Is religion the cause of all wars?

Image from 1916 believed to depict a practice run for the Battle of the Somme. Courtesy of Wikimedia Commons
Image from 1916 believed to depict a practice run for the Battle of the Somme. Courtesy of Wikimedia Commons

The argument is often put forward by atheists that “religion is the cause of all wars.” On at least two occasions I’ve had this very thing said to me. But is it really true? Come, let us reason together.

Firstly, let us consider the assertion itself. “Religion is the cause of all wars.”

“As aphorisms go, ‘Religion is the cause of all wars’ is a neat one. It’s also very generalizing. How does one define ‘religion’ in this sentence? How, or to what extent, or on what scale, does one define ‘wars’?”

As aphorisms go, it’s a neat one. It’s also very generalizing indeed. How does one define ‘religion’ in this sentence? How, or to what extent, or on what scale, does one define ‘wars’? Is, for example, a massacre led by the men of one village against the inhabitants of another village a ‘war’? What about a neighbourhood dispute?

So we can see immediately that we have here a very sweeping statement. Very sweeping statements, unless they’re axiomatic, usually require some kind of clarification and justification. (In my experience the assertion, “Religion is the cause of all wars,” is generally treated by its proponents as if it were an axiom, but rarely justified.)

Equally open to interpretation is what is meant by ‘cause.’ For millennia, philosophers have differentiated between various kinds of ‘cause’: for example a thing’s ‘efficient’ cause, its ‘final’ cause, its ‘proximate’ cause. Therefore if one asserts that religion ‘causes’ all wars, we are entitled to ask what type of causation is meant.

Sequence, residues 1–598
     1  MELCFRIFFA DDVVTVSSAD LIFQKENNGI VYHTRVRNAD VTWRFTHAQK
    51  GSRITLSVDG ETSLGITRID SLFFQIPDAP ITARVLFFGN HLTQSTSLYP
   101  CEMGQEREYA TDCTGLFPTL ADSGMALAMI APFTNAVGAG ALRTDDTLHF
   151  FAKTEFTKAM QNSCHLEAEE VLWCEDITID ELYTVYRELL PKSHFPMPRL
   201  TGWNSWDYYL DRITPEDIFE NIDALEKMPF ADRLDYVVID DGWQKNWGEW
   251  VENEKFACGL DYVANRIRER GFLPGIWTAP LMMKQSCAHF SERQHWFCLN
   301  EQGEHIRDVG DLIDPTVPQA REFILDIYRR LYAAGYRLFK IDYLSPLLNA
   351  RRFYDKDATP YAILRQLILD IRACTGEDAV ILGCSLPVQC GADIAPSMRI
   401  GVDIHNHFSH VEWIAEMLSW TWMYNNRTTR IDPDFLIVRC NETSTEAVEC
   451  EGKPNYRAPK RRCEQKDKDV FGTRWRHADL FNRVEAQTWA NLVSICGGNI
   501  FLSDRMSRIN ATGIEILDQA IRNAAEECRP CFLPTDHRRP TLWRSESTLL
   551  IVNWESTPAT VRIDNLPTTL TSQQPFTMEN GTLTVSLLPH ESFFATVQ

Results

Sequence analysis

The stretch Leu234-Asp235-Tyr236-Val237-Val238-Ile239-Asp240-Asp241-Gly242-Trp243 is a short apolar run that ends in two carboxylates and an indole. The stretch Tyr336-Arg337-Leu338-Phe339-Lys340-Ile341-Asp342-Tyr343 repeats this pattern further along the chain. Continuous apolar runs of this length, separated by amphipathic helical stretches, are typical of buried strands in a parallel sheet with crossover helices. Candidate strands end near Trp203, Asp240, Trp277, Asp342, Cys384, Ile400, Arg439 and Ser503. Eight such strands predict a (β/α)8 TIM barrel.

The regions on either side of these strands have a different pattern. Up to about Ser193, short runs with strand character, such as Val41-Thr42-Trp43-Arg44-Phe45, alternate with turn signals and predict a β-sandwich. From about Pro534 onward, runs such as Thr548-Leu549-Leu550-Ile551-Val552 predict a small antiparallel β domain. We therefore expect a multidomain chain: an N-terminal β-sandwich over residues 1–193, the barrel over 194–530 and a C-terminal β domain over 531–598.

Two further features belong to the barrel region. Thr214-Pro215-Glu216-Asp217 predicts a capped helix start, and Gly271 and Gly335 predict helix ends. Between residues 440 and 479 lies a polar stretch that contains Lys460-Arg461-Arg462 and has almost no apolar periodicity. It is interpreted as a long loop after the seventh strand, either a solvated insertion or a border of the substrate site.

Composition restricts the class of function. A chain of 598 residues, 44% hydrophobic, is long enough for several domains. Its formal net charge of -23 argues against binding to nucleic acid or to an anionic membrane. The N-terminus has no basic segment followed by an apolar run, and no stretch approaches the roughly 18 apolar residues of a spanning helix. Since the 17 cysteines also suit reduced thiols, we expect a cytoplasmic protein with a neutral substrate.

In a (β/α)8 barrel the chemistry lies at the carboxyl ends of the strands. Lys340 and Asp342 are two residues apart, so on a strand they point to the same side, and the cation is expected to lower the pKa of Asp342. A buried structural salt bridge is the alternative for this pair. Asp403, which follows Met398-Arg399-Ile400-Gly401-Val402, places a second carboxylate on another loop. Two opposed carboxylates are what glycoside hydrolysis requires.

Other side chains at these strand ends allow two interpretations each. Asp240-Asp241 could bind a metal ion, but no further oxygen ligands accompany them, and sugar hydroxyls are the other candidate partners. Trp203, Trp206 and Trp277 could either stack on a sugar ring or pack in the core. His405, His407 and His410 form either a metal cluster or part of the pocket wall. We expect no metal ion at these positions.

Finally, it is worth noting that when a person asserts, “Religion is the cause of all wars,” the burden of proof rests with him or her. If ‘all’ wars is what is posited, it is incumbent on the one positing to demonstrate, logically or statistically, the truth of such a statement in all cases.

Some wars caused by religion

“It is clear that some wars are genuinely caused by religion. The two examples most commonly levelled against religious believers (especially Christians) are the Crusades and the Thirty Years’ War (1618—1648).”

Notwithstanding the above considerations and ambiguities, what is clear is that some wars are genuinely caused by religion. The two examples most commonly levelled against religious believers (especially Christians) are the Crusades and the Thirty Years’ War. The latter (1618—1648) was a brutal and often merciless conflict between Protestant and Catholic armies, in an age when Europe was racked with — quite literally — burning religious convictions.

If it isn’t stretching the definition of a war too far, one might also adduce the example of the Troubles in Northern Ireland, which was very much a conflict between two competing visions of Northern Ireland: a Protestant vision of Northern Ireland as a full component part of the UK; and a Catholic vision of Northern Ireland as part of the Republic.

So, yes: if we were to assert that some wars are directly caused by religion, such a statement is manifestly true.

All wars…?

However, the question remains: Are all wars caused by religion? Remember that the burden of proof for this rests with the person making such an assertion.

“The causes of the First World War were almost entirely to do with nationalism and with imperialistic sabre-rattling.”

And to such an assertion we may well give the answer: “World War One.”

Could anybody really maintain the claim that World War One was caused by religion?

In an address given by Andy Johnston in 2014 at an event commemorating the centenary of the outbreak of the First World War, he puts forward three key causes of the War. These are:—

  1. The Strength of Nationalist Feeling in Europe;
  1. The Strength and Growth of Imperialism in Europe;
  1. The Combination of Aggressive Imperialism and Personal Ambition in Kaiser Wilhelm II of Germany.

In other words, the causes of the First World War were almost entirely to do with nationalism and with imperialistic sabre-rattling.